Engineering is Relatively Easy

Peter Wurmsdobler
5 min readMar 31, 2023

Engineering is concerned with producing technical solutions for problems following the pattern of requirements analysis, system and subsystem design followed by synthesis, verification and validation. At the heart of it, engineering is based on two principles: recursively breaking up complex technical problems into smaller pieces down to a level where a solution becomes possible for each piece, then integrating those in reverse order at all levels to build a complete whole. The resulting system is therefore built of components or modules in a nested manner with nearly “atomic” elements at the bottom; the behaviour of the latter can usually be described by a model¹ with a finite set of parameters to a specified degree. Hence the complete system can — in most cases — be described by a finite albeit larger number of parameters, too. Through this process quite complex system can be designed and build such as the Horloge astronomique de Besançon, France, or the Large Hadron Collider at CERN.

Cadrans for the astronomical clock in the Cathedral of Besançon, France

It doesn’t actually come as a surprise that technical systems built by engineers with this approach are predictable by design; they are complex but in most cases not complicated (if well-designed). For instance, mechanical Engineering uses simple basic components such as nuts and bolts, literally; they have very well defined properties, a few numbers such as diameter or ductile strength. Many of those basic components became standardised as so-called “norm-components” and make up the basic building blocks of mechanical systems. Similarly, there are well-defined components in electrical engineering, from simple resistors, capacitors, inductors to integrated circuits of highest complexity: the principle is the same: design and manufacture well-defined simple components. Then, use those in a nested fashion to build complex systems.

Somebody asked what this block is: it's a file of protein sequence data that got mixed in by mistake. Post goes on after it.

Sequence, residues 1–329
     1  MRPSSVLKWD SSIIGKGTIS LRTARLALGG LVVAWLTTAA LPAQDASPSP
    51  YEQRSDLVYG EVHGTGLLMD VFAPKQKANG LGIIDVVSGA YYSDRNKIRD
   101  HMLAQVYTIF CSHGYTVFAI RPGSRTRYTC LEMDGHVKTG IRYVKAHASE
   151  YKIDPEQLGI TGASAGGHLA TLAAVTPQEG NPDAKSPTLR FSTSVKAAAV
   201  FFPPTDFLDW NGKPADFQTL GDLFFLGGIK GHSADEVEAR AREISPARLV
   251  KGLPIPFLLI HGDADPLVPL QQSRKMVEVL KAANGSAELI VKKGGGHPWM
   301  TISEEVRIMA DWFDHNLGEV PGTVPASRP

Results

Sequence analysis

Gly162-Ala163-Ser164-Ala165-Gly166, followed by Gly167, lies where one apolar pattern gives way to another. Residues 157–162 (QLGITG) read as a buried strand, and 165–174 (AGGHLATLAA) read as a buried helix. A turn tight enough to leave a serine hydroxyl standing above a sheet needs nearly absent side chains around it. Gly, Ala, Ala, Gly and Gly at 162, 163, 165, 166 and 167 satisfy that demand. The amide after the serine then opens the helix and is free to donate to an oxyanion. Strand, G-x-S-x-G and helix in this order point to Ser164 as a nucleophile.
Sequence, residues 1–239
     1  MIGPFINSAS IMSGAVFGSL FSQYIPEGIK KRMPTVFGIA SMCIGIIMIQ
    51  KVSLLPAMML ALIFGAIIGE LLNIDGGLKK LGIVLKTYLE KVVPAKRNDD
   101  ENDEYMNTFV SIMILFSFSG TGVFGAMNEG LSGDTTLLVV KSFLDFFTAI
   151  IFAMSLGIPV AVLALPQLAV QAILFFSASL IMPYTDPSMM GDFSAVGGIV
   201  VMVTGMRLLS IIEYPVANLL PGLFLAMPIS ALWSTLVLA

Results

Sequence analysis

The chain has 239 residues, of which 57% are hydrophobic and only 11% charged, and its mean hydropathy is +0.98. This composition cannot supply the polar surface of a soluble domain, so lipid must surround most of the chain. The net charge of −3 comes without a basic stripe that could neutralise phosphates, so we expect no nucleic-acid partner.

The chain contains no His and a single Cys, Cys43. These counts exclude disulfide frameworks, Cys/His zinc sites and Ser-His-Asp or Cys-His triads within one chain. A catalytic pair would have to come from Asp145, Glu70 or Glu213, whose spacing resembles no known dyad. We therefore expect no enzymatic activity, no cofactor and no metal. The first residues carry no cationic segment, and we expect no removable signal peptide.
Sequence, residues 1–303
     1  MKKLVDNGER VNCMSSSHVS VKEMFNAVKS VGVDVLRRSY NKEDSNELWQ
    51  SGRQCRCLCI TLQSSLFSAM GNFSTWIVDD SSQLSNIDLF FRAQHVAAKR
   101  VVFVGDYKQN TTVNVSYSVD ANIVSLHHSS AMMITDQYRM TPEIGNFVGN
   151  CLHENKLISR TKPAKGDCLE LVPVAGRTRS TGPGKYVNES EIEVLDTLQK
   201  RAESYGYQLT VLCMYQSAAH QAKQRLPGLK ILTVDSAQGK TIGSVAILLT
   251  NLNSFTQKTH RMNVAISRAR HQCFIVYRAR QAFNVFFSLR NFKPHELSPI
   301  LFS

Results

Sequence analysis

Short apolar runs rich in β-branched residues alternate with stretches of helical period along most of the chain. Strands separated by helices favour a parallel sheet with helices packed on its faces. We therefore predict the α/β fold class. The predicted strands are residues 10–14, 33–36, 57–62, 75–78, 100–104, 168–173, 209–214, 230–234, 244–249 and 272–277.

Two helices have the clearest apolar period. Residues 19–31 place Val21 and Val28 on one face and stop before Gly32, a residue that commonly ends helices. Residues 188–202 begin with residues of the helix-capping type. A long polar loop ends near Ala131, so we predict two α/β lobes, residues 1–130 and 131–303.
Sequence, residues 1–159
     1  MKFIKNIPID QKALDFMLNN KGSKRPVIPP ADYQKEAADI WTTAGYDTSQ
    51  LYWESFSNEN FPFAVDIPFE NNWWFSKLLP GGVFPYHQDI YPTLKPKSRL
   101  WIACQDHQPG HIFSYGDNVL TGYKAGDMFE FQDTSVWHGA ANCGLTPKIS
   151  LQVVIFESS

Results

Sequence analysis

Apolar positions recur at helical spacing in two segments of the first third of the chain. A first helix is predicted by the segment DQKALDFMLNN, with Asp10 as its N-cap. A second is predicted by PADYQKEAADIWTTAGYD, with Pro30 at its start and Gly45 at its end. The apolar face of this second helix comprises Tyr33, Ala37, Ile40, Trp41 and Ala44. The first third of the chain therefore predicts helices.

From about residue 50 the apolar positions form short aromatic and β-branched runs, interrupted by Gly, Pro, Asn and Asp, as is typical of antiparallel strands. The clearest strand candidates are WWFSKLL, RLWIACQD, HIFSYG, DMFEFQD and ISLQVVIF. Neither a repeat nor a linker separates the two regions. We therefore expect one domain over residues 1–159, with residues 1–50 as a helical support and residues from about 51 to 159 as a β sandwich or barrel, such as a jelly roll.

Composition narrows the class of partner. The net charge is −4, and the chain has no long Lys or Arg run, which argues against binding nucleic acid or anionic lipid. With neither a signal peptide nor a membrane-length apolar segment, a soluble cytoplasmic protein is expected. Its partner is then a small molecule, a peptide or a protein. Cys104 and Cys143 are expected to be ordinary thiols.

At the centre of breaking down of problems and building up complex solutions is the understanding of these simple components whose behaviour can be described by a finite set of dominant parameters to a desired degree of fidelity. Training and eduction in engineering is mostly about these models whose purpose is not only to describe the behaviour but to make predictions. This approach is reductionist as an infinitely complex real system is reduced to a finite set of parameters in a mathematical model. For instance, let’s take a pendulum for a clock, consisting of a thin rod with a mass of 0.05kg and a length of 0.5m, fitted with a flat metal disc at the end with a mass of 0.5kg and a radius of 50mm. Let’s try to model this pendulum in order to predict its oscillation frequency which determines the accuracy of the clock: